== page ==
December 30, 2014

CMA gears up for Illinois Cable Law sunset

The Cable and Video Competition Act of 2007 (Illinois’ cable law) expires in 2015 and CMA members are turning their attention to Springfield. At a recent meeting with representatives of Attorney General Lisa Madigan’s office, CMA stressed the importance of extending public benefits as part of renewal terms for companies that operate under state law.

CMA had representatives at the meeting from NAACP West, Toys for Tots, Washington Park Advisory Council, Free Spirit Media, as well as independent filmmakers and community leaders. Members itemized concerns with state cable law, including the potential for it to weaken public benefits that were hard won at the local level. The importance of customer service protections for moderate and low income people was particularly noted.

CMA reps also pointed to the large number of people that benefit from use of CAN TV, Chicago’s local public access facility, and emphasized the importance of state law protecting the funding of CAN TV's five channels. CMA reps made clear their objection to any industry attempt to prevent equality for those channels as technology continues to evolve.

Finally, CMA reps stressed the importance of a longer term for the state cable franchise renewal than the short two-years granted previously by the legislature. AT&T and Comcast bankroll an army of lobbyists to push their agenda in Springfield. But members of the legislature and the Attorney General are there to look out for the public’s interests. CMA representatives urged the strengthening of the law, and creation of greater stability with a longer term.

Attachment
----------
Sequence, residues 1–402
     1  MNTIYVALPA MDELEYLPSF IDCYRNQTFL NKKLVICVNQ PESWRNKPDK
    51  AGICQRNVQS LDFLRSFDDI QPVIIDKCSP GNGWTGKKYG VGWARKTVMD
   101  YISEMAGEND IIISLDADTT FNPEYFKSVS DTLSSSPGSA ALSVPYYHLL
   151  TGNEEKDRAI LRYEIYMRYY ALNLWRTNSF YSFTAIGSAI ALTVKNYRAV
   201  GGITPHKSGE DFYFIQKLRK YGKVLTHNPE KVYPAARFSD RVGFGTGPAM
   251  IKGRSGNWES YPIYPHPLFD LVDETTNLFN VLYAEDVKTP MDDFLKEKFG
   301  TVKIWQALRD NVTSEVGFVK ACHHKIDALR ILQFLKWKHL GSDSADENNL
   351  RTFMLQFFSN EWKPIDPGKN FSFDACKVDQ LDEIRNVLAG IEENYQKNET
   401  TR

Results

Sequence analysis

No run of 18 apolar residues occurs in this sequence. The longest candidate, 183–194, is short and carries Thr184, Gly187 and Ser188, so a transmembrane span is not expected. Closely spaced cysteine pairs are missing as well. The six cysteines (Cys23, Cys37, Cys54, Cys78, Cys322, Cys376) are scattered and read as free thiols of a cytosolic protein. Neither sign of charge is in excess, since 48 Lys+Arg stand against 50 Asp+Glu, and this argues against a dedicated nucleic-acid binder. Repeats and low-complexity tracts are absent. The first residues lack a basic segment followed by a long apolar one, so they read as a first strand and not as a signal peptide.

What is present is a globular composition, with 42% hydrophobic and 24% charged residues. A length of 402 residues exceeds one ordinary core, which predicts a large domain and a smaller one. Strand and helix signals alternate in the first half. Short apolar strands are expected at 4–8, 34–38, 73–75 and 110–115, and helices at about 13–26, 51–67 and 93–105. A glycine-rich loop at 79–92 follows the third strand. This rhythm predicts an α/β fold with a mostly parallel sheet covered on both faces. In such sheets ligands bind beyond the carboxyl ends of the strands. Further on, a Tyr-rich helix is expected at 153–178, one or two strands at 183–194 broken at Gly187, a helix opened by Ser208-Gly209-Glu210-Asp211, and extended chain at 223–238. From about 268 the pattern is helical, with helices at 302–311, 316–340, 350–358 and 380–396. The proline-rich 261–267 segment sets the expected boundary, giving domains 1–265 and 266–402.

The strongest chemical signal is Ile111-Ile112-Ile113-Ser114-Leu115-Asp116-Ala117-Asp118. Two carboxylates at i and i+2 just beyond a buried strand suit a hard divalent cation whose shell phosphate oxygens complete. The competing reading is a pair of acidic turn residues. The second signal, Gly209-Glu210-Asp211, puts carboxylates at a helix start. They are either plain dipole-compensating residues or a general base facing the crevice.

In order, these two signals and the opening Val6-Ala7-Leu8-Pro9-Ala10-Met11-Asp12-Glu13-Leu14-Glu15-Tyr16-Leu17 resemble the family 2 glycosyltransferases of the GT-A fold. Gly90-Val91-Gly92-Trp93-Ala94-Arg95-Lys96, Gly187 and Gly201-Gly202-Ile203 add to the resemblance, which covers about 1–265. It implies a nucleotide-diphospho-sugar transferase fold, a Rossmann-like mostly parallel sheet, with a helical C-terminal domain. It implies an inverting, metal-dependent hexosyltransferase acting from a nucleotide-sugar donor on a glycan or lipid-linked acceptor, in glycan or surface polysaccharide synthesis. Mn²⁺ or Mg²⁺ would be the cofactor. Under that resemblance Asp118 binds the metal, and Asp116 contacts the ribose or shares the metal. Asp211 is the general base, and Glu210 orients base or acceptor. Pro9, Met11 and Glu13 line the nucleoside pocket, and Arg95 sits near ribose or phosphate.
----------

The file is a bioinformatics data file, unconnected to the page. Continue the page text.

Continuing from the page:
CMA members sought support for the following conditions as part of 2015 state cable franchise renewal:

  • No change in the funding for Chicago of an unrestricted 1% PEG fee.
  • Technical parity for public access channels that meets the equivalency standards of the law, such as being simulcast on HD and SD like local broadcast channels. 
  • Strong monitoring and enforcement of customer service and public access channel requirements.
  • A longer term to ensure greater stability.

1 comment:

  1. You mentioned HD for Public Access Channels. I am the Public Access Coordinator for Westport, a small town in Massachusetts. A couple of towns outside of Boston have an HD channel on the RCN cable system and one town, Shrewsbury, operates their own cable company.
    Do you see more cities and towns getting 16:9 channels within the next few years? We are a Charter system which might get changed to a Comcast system next year.